Smart Social: I don't want the iPhone 5 (and other loyalty lessons)
- I am a member of six airline customer loyalty programs, but I would only recommend one to my friends (appreciate the great service, Jet Blue).
- I have at least 14 frequent buyer cards shoved in my wallet, but I only visit one establishment enough to make it worth it (Nom Nom, Monkey's Nest).
- I've "liked" 243 brands on Facebook, but I only engage with a few of them (I regularly share posts from ACL Live since I love music).
My point - building and recognizing true loyalty is hard. Sometimes social media managers assume that by giving away the latest tech toy or, let's be honest, Apple product, they will build loyalty. However, in order to be successful, it's necessary to build meaningful relationships with your loyal influencers.
To help accomplish this goal, Jive Software launched the Office Hero campaign. We utilized Spredfast technology and services support to move away from being just another mass marketer on social to delighting our customers, employees, partners and fans.
Here are our top 4 lessons learned:
1. Activate. You have to make it easy for people to share your content in a meaningful way. Much like right-rail ads, people have become accustomed to (ie. gloss over) social sharing buttons on websites. However, when you build a meaningful or unique experience, they will want to share that with their network. For our campaign, the Spredfast services team created a Facebook application for us that asked, "What Type of Office Hero Are You?" After answering a few simple questions, users got an avatar that they could share with their social networks. This app gave our customers and prospects an exciting experience, and helped increase awareness of Jive.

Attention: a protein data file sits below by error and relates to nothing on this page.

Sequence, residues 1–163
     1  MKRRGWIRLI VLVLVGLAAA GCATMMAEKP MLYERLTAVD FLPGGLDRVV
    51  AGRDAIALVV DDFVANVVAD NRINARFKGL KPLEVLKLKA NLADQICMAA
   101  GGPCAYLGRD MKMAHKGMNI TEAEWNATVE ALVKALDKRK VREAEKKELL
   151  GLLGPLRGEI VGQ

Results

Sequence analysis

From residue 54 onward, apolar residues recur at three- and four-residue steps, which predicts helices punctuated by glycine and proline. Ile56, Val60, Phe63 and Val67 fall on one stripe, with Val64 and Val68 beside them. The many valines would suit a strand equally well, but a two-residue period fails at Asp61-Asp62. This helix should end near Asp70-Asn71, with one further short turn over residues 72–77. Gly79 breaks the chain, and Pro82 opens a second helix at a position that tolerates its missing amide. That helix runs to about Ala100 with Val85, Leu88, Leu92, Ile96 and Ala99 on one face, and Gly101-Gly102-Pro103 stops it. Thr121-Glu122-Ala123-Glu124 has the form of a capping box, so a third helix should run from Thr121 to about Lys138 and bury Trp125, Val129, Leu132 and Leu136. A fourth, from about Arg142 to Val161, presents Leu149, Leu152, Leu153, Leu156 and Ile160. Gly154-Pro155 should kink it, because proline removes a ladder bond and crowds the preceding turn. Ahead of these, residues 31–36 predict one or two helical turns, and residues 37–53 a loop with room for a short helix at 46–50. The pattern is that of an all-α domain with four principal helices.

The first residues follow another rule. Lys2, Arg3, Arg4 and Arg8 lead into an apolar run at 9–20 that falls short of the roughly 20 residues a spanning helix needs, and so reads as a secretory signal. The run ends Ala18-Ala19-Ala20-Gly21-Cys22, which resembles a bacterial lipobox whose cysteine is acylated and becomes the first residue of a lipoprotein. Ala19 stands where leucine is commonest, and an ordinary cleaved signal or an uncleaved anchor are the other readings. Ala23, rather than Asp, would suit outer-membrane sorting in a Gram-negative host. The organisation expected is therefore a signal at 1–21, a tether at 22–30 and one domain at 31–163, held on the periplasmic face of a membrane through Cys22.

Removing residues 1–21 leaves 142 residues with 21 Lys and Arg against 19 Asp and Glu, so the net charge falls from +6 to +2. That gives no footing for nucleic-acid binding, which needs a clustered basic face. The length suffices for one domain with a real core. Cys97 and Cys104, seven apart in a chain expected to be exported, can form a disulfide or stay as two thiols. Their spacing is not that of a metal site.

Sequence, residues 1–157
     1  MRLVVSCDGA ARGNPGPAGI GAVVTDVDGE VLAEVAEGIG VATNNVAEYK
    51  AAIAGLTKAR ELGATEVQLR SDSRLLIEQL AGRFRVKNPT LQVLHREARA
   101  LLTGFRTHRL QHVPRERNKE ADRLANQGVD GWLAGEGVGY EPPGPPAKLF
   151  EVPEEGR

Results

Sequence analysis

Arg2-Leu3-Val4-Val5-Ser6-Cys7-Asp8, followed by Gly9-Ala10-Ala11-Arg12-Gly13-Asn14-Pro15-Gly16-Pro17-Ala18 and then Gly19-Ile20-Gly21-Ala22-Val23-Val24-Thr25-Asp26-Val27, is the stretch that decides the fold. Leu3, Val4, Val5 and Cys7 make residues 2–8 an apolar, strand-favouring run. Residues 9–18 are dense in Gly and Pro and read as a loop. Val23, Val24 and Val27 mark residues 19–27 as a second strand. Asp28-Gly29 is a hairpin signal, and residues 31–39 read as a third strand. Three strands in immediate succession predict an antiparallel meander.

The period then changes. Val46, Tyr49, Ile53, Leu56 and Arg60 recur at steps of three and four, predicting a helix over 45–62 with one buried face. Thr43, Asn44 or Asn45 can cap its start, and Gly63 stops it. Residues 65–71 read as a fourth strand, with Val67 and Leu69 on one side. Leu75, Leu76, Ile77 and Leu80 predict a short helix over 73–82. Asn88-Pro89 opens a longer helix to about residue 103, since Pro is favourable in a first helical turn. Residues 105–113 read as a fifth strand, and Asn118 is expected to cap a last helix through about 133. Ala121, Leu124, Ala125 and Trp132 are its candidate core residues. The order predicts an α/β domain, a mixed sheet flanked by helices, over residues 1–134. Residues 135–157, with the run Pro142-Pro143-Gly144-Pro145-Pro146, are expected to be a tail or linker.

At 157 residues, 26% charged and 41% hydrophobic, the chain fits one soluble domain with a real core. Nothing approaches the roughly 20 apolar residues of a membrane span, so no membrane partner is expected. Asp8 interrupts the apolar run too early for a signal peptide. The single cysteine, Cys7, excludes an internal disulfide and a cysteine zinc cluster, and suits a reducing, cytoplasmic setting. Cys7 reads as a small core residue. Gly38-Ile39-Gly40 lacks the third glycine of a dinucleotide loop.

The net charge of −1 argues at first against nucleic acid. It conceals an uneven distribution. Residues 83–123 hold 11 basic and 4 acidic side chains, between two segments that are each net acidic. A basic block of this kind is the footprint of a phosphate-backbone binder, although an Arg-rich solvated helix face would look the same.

2. Recognize. Customers aren't always looking for a t-shirt or gift card. They are actually trying to build a better connection with you. We regularly spotlight Real Office Heroes - a.k.a. customers who are pioneering social business at their organization. When we spotlight a user, we have a variety of activities: a brief three-question blog post, status updates on social channels, cover photo on corporate Facebook page, etc. Here is an example of a blog series in action: Real Office Hero Spotlight: Tracy Maurer, UBM
3. Amplify. Once you've gotten people talking about your brand, it's time to amplify their voices. As seen by the examples below, we've taken customer-generated social content and turned it into conversations starters on other platforms. For example, we recently sent Jive-branded boxing gloves to several customers. Enthusiastically, people shared tweets and pictures of their gloves. We then used that user-generated content on our website and official social channels to help drive registration of our annual user conference.
4. Look Inside. You don't have to look far to find advocates. At Jive, we've done a series of employee video interviews. The subjects are nominated by their fellow employees, and informally discuss how they use social business tools to get their jobs done. We've featured "Real Jive Office Heroes" from various departments, including support, HR, engineering, and product marketing. These YouTube videos allow us to:
- recognize our best assets (our employees)
- teach people about our software
- generate awareness for the company
- and even help us obtain new leads (true story - one video turned into a major deal!)
How do you build valuable relationships with loyal influencers? Comment below.